« PreviousContinue »
2, The proper time for exhibiting the bark in. intermittent fevers, is during the time of intermission; and where intermissions are to be expected, it is to be abstained from in the time of paroxysms.
3, In remittents, though no entire apyrexia occurs, the bark may be given during the remissionsj and it should be given, even though the remissions be inconsiderable, if, from the known nature of the epidemic, intermissions or considerable remissions are not to be soon expected, and that great danger is apprehended from repeated exacerbations.
4, In the case of genuine intermittents, while a due quantity of bark is to be employed, the exhibition of it ought to be brought as near to the time of accession as the condition of the patient's stomach will allow.
5, In general, in all cases of intermittents, it is not sufficient that the recurrence of paroxysms be stopped for once by the use of the bark; a relapse is commonly to be expected, and should be prevented by the exhibition of the bark, repeated at proper intervals.
233. Our second general indication for conducting the paroxysms of intermittent fevers, so as to obtain a final solution of the disease, may be answered,
1, By exhibiting emetics during the time of the cold stage, or at the beginning of the hot;
2, By opiates given during the time of the hot stage.
234. The circumstances which may especially prevent the fulfilling of those two indications, and therefore give occasion to our third, are, a phlogistic diathesis prevailing in the system, and congestions fixed in the abdominal viscera. The first must be removed by blood-letting and the antiphlogistic regimen; the second, by vomiting and purging.
Where these measures are not immediately effectual, I hold it safer to attempt the cure of the disease by the means pointed out in general in 229, rather than by those in article second of the same paragraph.
BOOK II. Op INFLAMMATIONS, Or PHLEGMASIA.
OF INFLAMMATION IN GENERAL.
Gf the phenomena of inflammation.
235. W Hen any part upon the surface of the body is affected with unusual redness, heat, pain, and tumour, we name the disease an inflammation or phlegmasia. These symptoms of inflammation are never considerable, without the whole system being, at the same time, affected with pyrexia.
236. As the external, so likewise the internal, parts may be affected with inflammation; and we judge them to be so, when, together with pyrexia, there is a fixed pain in any internal part, attended with some interruption in the exercise of its functions.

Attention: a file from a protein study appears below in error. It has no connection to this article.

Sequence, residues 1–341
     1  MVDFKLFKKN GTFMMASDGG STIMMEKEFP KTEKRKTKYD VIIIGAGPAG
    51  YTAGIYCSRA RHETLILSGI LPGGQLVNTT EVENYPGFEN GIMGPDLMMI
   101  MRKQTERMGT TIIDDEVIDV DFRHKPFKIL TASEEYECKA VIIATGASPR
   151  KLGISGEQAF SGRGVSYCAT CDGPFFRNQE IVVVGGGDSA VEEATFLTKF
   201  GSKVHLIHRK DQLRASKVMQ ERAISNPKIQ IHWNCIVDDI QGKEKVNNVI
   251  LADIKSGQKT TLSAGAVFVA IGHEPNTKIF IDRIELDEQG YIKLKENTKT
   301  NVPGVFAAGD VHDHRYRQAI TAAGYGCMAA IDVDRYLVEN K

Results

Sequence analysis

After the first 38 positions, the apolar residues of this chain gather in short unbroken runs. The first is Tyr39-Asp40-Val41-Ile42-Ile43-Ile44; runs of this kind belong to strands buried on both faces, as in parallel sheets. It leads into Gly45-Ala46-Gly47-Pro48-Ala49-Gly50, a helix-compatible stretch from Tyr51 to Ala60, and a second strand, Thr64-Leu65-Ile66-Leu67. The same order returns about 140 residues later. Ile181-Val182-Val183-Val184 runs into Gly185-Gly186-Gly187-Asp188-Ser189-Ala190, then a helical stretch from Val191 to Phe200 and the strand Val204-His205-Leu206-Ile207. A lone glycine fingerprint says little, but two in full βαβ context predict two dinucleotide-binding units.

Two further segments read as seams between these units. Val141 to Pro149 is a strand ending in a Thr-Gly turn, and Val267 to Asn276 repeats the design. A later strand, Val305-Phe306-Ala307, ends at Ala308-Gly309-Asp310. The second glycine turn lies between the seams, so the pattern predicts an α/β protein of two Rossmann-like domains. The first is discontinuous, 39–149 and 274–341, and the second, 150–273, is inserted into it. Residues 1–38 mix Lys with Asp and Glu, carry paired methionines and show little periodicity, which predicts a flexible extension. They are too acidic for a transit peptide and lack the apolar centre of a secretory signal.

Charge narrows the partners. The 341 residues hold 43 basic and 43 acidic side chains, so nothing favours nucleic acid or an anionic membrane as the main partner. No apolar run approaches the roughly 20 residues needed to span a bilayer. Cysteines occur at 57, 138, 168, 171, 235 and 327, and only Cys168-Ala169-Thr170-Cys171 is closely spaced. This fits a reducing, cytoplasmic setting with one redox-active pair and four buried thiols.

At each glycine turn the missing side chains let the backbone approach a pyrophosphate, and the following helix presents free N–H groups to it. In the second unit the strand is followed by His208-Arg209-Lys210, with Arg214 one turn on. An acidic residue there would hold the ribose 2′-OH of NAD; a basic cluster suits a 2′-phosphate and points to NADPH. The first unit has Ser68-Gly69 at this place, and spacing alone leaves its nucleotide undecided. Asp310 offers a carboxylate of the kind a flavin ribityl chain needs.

237. We judge of the presence of inflammation also from the state of the blood drawn out of the veins. When the blood, after cooling and concreting, shews a portion of the gluten separated from the rest of the mass, and lying on the surface of the crassamentum; as such separation happens in all cases of more evident phlegmasia; so in ambiguous cases, we, from this appearance, joined with other symptoms, infer the presence of inflammation. At the same time, it must be observed, that as several circumstances in blood-letting may prevent this separation of gluten from taking place in blood otherwise disposed to it; &o, from the absence of such appearance, we cannot always conclude against the presence of in-fiammation.
238. I cannot. easily give any other general •history of the phenomena of inflammation than what is contained in the three preceding paragraphs; and the variations which may take place in its circumstances, will occur to be more properly taken notice of under the several heads of the particular genera and species to be hereafter mentioned. I proceed, therefore, to inquire into the proximate pause of inflammation in general.
Of the proximate cause of inflammation.
239. The phenomena of inflammation (23,5), all concur in shewing, that there is an increased impetus of the blood in the vessels of the «part affected; and as, at the same time, the action of the heart is not always evidently increased, there is reason to presume, that the increased impetus of the blool in the particular part is owing especially to the increased action of the vessels of that part itself.
240. The cause of this increased action in the vessels of a particular part is, therefore, what we are to inquire after, and to consider as the proximate cause of inflammation.
In many cases, we can manifestly perceive, that inflammation arises from the application of stimulant substances to the part. When the application of such stimulants, therefore, is evident, we seek for no other cause of inflammation; but as, in many cases, such application is neither evident, nor, with any probability, to be supposed, we must, in such cases, seek for some other cause of the increased impetus of the blood in the vessels of the part.
241. Many physicians have supposed, that an obstruction of the extreme vessels, any how pro